The average home seeker currently has a choice of 2.8 homes within their budget. People with a budget between 160 thousand and 260 thousand are worst off. In large parts of the country, the can chose between less than two homes.
The position of people with disabilities in the Netherlands is deteriorating. Over the past three years, it has become more difficult for people with disabilities to fully participate in society, according to a report commissioned by the UN Convention Alliance, a collaboration of five organizations that advocate for people with disabilities, which will be handed to the United Nations Human Rights Committee in Geneva on Tuesday, Trouw reports.
Single earners with a median income have less and less chance of buying a home in the Netherlands. Single income households with a median income of 32,700 this year can afford a home that costs 150 thousand euros maximum, according to De Hypotheker. Only 4.3 percent of homes currently for sale in the Netherlands have an asking price of 150 thousand euros or less, compared to 7.5 percent last year, NOS reports.
Last year the median household in the Netherlands had 38,400 euros in assets, 10 thousand euros more than the year before. The increase is mainly due to the increasing home values in the country, Statistics Netherlands reported on Monday.
The median household when it comes to wealth is when you line up all households in the Netherlands from least assets to most and pick the one exactly in the middle. That means that half of households have more in assets and half less than the median household.
Dutch between the ages of 20 and 45 who rent a home in the free sector, pay so much on housing costs that they can't afford to build up savings, Rabobank researchers Nic Vrieselaar and Carlijn Prins concluded after surveying over 10 thousand customers that fall in this group, AD reports.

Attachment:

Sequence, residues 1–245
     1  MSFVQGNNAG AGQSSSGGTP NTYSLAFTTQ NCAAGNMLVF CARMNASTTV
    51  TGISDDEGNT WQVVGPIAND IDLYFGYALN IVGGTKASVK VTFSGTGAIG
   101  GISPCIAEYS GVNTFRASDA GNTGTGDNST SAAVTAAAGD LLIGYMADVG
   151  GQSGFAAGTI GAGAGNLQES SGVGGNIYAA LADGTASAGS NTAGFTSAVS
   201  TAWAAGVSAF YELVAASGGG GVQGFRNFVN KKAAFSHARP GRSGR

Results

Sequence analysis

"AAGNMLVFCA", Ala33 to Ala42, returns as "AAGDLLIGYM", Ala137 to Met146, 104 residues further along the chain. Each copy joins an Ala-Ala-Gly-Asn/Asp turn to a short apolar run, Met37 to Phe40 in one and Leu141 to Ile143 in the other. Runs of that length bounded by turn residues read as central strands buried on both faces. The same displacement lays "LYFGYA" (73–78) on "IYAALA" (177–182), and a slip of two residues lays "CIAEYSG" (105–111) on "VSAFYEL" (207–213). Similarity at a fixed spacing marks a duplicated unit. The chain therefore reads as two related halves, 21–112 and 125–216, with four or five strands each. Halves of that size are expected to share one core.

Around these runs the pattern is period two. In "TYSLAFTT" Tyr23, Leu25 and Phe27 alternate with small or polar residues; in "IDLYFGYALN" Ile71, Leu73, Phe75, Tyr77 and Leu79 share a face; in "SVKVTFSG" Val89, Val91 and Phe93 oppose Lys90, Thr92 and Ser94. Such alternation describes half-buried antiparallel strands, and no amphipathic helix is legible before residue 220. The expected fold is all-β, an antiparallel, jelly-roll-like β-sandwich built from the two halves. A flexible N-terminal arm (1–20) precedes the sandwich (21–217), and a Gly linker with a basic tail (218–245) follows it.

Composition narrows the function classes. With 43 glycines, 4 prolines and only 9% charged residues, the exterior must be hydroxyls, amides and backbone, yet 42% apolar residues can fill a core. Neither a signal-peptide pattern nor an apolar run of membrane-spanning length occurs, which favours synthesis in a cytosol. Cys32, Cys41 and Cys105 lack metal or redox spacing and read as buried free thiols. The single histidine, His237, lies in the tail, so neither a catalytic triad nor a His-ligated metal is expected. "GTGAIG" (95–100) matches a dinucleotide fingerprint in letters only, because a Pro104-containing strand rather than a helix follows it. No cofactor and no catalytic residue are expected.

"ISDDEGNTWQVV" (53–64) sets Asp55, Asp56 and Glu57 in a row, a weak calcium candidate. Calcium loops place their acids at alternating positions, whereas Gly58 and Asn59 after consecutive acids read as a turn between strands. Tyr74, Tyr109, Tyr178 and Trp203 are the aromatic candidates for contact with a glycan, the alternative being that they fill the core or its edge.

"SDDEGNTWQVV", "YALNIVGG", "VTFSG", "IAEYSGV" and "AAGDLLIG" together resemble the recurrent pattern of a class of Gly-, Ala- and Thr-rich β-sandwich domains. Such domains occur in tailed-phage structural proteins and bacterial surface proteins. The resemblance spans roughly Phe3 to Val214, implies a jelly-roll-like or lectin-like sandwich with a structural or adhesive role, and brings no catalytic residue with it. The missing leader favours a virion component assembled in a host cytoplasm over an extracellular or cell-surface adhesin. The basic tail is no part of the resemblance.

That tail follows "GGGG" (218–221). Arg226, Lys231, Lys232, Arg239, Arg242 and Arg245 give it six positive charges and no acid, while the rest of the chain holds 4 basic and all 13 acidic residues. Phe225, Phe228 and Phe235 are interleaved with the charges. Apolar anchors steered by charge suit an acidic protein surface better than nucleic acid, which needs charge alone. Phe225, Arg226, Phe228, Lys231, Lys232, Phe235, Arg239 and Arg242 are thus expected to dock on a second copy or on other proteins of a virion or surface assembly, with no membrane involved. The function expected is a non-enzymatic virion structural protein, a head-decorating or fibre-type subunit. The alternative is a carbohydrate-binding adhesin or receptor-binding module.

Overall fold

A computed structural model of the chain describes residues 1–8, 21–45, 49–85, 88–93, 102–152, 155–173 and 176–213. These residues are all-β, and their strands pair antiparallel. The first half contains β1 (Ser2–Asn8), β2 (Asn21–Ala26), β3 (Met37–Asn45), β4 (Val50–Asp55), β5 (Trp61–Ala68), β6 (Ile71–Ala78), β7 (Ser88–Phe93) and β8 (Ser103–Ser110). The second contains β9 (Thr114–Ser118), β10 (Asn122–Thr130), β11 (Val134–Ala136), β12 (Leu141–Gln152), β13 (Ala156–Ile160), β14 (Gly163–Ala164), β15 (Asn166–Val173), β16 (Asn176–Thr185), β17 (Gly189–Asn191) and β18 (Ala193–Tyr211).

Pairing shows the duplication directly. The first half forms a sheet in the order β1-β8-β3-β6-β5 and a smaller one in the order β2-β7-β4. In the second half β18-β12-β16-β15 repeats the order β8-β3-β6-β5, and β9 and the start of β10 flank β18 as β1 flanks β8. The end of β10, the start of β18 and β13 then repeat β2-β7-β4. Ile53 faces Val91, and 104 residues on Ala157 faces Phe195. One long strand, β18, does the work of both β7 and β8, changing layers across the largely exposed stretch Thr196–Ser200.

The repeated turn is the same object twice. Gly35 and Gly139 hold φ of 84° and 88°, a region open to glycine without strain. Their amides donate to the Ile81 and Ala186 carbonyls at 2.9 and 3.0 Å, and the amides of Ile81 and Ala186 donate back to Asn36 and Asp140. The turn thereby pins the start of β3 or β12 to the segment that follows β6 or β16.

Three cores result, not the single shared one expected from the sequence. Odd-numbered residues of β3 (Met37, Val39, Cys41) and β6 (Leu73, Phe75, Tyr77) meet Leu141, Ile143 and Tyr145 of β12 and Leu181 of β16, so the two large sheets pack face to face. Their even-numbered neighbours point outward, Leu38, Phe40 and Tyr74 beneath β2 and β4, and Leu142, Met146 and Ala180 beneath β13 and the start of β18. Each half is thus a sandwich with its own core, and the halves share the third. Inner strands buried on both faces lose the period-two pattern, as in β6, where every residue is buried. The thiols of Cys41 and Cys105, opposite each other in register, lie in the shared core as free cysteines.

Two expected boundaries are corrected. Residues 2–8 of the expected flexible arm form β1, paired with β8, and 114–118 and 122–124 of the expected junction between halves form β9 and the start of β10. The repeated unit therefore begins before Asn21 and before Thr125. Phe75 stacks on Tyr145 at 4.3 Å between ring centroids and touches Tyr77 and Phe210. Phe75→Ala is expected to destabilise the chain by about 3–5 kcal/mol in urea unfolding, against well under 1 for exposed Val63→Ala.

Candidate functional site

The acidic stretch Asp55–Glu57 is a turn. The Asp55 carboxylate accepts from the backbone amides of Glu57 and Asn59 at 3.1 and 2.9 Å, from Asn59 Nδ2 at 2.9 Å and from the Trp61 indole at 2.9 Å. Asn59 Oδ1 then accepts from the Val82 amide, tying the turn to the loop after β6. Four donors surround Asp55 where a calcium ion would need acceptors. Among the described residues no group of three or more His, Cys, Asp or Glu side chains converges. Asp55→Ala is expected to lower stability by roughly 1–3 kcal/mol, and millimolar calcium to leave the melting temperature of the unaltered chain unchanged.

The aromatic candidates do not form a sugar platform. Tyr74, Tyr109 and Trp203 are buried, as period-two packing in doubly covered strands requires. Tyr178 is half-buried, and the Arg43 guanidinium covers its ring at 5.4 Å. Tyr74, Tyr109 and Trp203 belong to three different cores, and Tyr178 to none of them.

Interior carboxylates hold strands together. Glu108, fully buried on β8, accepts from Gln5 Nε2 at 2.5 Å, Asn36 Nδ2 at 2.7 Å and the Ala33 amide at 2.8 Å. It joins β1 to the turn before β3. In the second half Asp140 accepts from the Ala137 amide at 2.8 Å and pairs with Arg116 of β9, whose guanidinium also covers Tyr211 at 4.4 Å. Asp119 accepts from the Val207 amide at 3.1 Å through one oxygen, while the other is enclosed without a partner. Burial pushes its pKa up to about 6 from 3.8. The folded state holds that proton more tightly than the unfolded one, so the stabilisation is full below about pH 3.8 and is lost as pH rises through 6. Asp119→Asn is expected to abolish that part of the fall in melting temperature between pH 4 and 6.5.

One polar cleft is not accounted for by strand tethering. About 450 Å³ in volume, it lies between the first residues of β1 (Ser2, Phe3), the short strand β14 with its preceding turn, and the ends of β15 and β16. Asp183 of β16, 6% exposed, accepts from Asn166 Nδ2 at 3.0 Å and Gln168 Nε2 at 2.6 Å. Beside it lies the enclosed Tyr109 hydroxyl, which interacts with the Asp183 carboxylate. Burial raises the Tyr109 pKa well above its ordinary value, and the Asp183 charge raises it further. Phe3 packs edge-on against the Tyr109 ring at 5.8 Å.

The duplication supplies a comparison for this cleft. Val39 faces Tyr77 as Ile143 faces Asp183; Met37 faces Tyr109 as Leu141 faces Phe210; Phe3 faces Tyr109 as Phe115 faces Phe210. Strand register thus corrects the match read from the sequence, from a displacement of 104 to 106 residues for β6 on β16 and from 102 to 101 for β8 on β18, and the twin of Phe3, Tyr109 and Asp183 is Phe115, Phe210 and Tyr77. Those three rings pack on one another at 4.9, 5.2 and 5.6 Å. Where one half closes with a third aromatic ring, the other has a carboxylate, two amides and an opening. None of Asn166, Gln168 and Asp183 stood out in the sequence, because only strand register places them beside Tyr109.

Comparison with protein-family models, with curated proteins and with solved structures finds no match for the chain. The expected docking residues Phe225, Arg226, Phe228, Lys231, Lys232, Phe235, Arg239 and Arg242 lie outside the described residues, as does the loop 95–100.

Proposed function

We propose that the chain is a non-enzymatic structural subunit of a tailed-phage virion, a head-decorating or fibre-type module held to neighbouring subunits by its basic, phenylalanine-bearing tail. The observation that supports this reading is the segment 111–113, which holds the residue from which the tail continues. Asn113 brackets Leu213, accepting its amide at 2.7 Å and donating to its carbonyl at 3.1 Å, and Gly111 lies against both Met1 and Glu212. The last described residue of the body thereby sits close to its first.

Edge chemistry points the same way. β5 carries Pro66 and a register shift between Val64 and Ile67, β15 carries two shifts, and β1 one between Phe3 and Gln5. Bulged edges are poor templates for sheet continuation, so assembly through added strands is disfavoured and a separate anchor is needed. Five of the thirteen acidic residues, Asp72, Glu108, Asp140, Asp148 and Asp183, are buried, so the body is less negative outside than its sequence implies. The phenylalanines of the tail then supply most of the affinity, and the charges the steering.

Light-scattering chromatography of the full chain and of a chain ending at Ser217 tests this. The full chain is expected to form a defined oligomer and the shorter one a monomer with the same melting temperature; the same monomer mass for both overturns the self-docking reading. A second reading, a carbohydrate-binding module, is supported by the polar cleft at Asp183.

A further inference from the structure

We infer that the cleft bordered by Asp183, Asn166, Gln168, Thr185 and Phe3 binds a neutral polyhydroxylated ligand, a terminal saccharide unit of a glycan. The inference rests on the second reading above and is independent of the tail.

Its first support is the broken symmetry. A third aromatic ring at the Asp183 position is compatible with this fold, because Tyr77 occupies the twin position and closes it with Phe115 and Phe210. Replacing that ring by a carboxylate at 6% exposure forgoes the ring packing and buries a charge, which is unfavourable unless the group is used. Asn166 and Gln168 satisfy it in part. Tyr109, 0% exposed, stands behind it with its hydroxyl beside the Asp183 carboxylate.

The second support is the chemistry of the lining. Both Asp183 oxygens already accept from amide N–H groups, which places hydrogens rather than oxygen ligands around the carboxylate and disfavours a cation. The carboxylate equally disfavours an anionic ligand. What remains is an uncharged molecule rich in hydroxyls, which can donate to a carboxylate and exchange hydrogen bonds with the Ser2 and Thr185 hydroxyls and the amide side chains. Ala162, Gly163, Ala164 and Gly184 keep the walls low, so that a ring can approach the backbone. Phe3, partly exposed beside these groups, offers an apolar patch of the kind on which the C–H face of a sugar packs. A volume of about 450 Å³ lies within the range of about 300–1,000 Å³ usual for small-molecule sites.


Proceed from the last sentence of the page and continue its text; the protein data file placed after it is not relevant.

Last year 13 thousand homes were created by transforming existing buildings, such as vacant offices, schools and shops. That is nearly 14 percent of all the new homes that were built last year, Statistics Netherlands reported on Wednesday. Amsterdam created most of these 'transformation homes' in the past six years, followed by Eindhoven and The Hague.
Rent increases are leveling off in the Netherlands, particularly in the large cities, according to the newest rent monitor by housing platform Pararius. Nationwide, the average rent per square meter increased by 3.6 percent in the third quarter, compared to the same quarter last year. Utrecht is the only of the four large cities where rents increased by more than 5 percent. In Rotterdam, rent prices even decreased.
Dutch central bank DNB currently considers the situation on the Dutch housing market the biggest threat to financial stability in the Netherlands, according to the DNB's six-monthly Overview of Financial Stability. The "systemic risk in the housing market" increased significantly in the past years and a sudden fall in house prices could be disastrous for households and banks, the regulator said, RTL Nieuws reports.
The prices for existing homes in the Netherlands continue to rise. In the third quarter, the average price for an existing home was 7.2 percent higher than the same quarter last year. And after half a year of the housing supply seeming to stabilize, the number of homes available for sale saw a significant decrease in the third quarter, according to figures from the Dutch association of realtors NVM, NOS reports.
The premium for the National Mortgage Guarantee (NHG) is decreasing from 0.9 percent to 0.7 percent of the total home-loan beginning next year, resulting in savings of up to 620 euros for eligible buyers. The maximum price for homes eligible for the NHG is also increasing, from 290 thousand euros this year to 310 thousand euros next year, Minister Kasja Ollongren of Home Affairs announced in a letter to parliament.
Amsterdam is officially dealing with a bubble on the housing market, according to Swiss bank UBS. Amsterdam is tied with Hong Kong for the third most likely city to be experiencing a housing market bubble. Only Munich and Toronto were deemed at greater risk, UBS said in the report released on Monday.
UBS defines a bubble as "a substantial and sustained mispricing of an asset, the existence of which cannot be proven unless it bursts."
Last year more Dutch were dissatisfied with the homes they live in than the years before, Statistics Netherlands said on Friday. Especially tenants were less happy with their homes, but homeowners were also more dissatisfied. Though the vast majority of Dutch are happy with the home they live in.